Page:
On the last stage of our pilgrimage, we transfer from Monforte de Lemos to Vilei. Our trail alternates between paved walkways and the occasional footpath, through bucolic countryside and quiet, unspoiled hamlets until we reach Ferreiros. After some light refreshment, we transfer to the outer part of the old city of Santiago de Compostela, and walk the last stretch of the Camino Francés to the cathedral itself, before continuing the short distance to our hotel for the last two nights of our journey.
Later today, we will have a guided tour of central Santiago de Compostela, surely one of the most beautiful and historic monumental cities in Spain, and its cathedral, still the annual destination for thousands of pilgrims who travel from all over the world to complete this historic walk. Tonight we enjoy dinner at a local restaurant.
San Francisco Hotel MonumentoSantiago de Compostela
Located near the cathedral in the center of Santiago de Compostela, this property is housed in a converted 18th-century Franciscan convent, whose origins date back to 1214. Today, the San Francisco Hotel Monumento is a charming, 4-star hotel surrounded by gardens, with an indoor pool and hot tub. Rooms at the hotel are spacious and elegant, and the restaurant serves creative regional dishes with fresh produce from the hotel gardens.
Santiago de Compostela to Finisterre
Our hike today is an epilogue to the Camino de Santiago. We will make a special pilgrimage to Finisterre, Land's End, one of the westernmost points in peninsular Spain, and the final destination of pilgrims wishing to reach the Atlantic Ocean. Finisterre has long been a place of pagan worship even before Roman times. According to legend, Finisterre is also the site of Ara Solis, an altar linked to the adoration of the sun and supposedly destroyed by the Apostle when he built the hermitage of San Guillermo, of which nothing remains.
We finish our journey at the lighthouse with views of the Atlantic and a final seaside lunch. Tonight we return to Santiago de Compostela and celebrate the end of our pilgrimage with a typical Galician-style dinner.
Depart from Santiago de Compostela
Our tour officially ends today after breakfast. You may choose to extend your stay independently in Santiago de Compostela, and perhaps attend a mass service at the Santiago de Compostela Cathedral, or begin your journey home (albeit not on foot!).
Please note that this is a typical itinerary, and actual activities may vary due to weather conditions, local events, and to allow serendipity to play a hand in your experience. Accommodations are as outlined in the itinerary, although we reserve the right to change these or the order visited should the need arise.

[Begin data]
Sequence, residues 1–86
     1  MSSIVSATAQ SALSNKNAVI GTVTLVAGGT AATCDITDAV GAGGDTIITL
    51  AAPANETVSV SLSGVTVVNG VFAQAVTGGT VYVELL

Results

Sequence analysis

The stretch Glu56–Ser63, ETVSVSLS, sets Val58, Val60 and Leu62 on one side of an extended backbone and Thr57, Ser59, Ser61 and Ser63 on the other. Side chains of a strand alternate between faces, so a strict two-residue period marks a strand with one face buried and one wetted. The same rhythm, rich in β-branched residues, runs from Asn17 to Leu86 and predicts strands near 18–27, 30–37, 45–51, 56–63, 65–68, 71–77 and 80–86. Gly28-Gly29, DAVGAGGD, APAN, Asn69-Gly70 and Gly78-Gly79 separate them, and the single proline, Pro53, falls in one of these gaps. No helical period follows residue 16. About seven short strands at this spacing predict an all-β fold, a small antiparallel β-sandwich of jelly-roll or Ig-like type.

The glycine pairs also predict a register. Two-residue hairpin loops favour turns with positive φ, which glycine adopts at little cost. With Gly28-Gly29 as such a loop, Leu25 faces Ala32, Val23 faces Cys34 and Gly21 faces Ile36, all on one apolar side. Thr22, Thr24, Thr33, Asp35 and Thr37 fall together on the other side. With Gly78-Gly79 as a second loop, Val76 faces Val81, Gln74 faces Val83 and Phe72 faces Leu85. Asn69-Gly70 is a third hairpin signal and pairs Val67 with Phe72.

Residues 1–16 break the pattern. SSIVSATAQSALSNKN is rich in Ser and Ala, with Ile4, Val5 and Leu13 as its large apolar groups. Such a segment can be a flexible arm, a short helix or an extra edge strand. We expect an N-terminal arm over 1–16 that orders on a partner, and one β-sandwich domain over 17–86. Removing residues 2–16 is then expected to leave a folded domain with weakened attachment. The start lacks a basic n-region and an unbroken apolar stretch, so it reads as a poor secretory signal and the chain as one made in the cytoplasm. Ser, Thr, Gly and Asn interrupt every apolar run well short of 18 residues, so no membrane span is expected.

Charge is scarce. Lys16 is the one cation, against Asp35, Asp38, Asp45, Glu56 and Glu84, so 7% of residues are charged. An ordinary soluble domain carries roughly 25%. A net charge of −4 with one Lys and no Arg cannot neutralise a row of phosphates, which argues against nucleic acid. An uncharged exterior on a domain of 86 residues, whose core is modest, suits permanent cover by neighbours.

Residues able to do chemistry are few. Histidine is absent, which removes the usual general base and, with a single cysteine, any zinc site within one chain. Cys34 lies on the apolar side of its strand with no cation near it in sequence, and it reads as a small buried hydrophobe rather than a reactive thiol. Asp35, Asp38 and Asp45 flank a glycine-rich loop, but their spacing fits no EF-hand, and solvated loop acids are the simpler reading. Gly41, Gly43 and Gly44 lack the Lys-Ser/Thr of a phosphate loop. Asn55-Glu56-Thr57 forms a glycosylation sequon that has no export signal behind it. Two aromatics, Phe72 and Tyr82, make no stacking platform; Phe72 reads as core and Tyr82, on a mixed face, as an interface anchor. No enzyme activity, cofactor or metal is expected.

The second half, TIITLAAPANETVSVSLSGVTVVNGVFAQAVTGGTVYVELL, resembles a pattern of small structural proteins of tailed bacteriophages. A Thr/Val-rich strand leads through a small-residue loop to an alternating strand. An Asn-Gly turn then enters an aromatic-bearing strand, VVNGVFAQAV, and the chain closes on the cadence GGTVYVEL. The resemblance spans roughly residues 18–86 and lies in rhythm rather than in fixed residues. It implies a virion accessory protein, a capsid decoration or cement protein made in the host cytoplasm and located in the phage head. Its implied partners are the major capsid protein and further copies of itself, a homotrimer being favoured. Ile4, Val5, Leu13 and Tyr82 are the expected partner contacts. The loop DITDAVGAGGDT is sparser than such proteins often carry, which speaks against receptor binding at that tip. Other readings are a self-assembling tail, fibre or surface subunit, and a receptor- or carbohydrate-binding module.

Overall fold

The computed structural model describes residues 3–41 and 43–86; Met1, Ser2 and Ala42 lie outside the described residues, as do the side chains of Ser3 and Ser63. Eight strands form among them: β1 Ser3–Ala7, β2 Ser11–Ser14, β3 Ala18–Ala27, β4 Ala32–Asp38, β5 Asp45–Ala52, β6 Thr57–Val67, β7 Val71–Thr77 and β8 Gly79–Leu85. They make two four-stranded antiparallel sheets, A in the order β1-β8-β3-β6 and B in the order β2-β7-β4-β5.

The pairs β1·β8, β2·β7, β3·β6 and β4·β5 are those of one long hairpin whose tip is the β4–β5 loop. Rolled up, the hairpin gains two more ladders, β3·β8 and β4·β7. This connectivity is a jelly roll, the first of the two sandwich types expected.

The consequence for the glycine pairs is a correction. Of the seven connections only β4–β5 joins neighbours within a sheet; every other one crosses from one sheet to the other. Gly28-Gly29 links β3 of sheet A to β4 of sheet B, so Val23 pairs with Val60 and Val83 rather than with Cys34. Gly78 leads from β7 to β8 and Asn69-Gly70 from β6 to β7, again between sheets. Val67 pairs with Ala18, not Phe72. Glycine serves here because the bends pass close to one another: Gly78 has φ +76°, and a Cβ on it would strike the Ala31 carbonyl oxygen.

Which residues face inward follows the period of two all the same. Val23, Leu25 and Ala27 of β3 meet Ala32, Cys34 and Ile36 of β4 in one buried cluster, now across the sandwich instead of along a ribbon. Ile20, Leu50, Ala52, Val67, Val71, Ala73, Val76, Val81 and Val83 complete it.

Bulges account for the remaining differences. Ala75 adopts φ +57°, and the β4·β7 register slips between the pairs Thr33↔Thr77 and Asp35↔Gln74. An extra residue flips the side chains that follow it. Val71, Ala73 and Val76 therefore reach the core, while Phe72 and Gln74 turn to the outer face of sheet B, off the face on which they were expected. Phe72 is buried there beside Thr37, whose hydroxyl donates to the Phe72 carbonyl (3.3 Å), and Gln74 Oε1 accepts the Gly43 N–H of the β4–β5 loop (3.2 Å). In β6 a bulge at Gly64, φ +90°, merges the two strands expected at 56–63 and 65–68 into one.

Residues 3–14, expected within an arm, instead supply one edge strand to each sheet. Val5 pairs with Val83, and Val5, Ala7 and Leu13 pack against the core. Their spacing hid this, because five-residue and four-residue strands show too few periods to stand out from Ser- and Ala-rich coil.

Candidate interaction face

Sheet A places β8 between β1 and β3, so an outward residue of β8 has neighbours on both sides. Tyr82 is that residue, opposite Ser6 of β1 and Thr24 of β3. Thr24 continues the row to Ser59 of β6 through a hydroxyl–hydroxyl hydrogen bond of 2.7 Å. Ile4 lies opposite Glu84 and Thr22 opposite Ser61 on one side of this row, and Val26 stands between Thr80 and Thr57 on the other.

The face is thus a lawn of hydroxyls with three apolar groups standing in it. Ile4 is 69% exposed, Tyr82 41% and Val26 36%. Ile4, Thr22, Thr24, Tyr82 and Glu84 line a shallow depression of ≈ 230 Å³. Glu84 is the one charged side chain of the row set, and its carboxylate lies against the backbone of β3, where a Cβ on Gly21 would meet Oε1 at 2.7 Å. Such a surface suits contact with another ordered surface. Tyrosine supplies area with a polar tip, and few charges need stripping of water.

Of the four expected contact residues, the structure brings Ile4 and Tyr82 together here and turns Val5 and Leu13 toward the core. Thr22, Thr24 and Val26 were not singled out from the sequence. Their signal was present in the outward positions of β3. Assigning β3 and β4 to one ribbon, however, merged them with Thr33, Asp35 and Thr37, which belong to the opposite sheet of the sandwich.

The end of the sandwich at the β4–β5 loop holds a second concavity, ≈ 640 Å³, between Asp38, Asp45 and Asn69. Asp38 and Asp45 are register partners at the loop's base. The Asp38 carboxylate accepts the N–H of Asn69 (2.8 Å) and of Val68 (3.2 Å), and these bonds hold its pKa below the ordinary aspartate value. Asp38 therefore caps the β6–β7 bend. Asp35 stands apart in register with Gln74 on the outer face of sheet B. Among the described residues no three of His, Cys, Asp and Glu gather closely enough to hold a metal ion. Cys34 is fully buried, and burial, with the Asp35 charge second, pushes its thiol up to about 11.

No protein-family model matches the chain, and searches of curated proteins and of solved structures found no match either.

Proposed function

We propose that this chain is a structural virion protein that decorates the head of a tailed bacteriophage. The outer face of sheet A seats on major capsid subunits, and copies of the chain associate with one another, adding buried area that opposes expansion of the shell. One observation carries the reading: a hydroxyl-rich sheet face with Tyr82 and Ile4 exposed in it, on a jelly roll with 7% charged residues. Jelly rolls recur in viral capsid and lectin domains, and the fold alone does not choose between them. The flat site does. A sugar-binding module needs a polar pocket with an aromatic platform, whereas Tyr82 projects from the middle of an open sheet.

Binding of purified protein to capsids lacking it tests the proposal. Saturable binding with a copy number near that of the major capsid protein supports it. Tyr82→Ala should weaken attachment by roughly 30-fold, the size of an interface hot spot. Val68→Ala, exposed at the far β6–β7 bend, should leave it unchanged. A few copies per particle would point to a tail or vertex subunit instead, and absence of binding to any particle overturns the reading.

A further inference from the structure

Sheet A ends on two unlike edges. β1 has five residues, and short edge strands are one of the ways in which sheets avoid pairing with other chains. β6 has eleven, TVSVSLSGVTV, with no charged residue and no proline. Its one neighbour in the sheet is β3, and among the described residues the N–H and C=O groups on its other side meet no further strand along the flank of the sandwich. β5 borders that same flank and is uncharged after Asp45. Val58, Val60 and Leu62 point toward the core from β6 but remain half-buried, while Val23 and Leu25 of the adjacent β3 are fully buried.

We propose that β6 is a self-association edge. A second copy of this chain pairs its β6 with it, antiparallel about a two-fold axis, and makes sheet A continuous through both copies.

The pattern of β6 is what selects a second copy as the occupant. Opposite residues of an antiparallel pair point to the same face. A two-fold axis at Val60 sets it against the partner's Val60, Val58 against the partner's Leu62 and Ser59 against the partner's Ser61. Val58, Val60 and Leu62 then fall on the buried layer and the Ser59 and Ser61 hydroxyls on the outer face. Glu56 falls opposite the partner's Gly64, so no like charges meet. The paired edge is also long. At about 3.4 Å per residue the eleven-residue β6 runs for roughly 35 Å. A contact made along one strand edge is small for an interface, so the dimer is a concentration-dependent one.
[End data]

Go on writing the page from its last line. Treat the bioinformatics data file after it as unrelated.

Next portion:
May 25-Jun 5, 2021
Sep 7-18, 2021
Take over a date for your group! See "Make It Private" on Dates & Prices tab.
From $6,495 Per Person
First two reserved:$395
See single supplement policy below.
10+ Guests: $6,495 per person
4 to 9 Guests: $6,795 per person
Make it Private price is based on Land Cost only, and a guarantee of the specified number of guests in double occupancy. For groups smaller than the numbers shown, or those requiring single occupancy, we reserve the right to adjust the per person price. Additionally, some trips have minimum group sizes. Please call 1-800-941-8010 for details.
Accommodations (hotels, tents, cruise cabins) are based on double occupancy. A single supplement is paid by participants who specifically request single accommodations, subject to availability. If you reserve at least 120 days prior to departure, you may be eligible for a reduced or free single supplement.* This is generally limited to the first one or two solo travelers to reserve, and the reduction is outlined in the pricing for each trip. Please note, free or reduced single supplements are not combinable with other offers or promotions.
If you are traveling alone and wish to share accommodations, we will try to match you with a roommate of the same gender. If you reserve at least 120 days ahead and a roommate is not available, you will only be charged a “forced” single supplement in the amount of 50% of the standard single supplement* (unless otherwise noted in the detailed itinerary). Single accommodations are limited so you are encouraged to reserve early!
*This may not apply to certain trips with unique accommodation arrangements. Please see specific trip information for more details.
Boundless Journeys' trips are designed for energetic and flexible individuals who like to be active and have a spirit of adventure and a positive attitude. Spain: Hiking the Camino de Santiago is rated 3, moderate, on a scale of 1-5 (with 5 being the most strenuous). The hikes on this trip average of 3-6 hours a day, on a combination of dirt and grass trails, paved roads, and rocky paths, with some steep ascents and descents.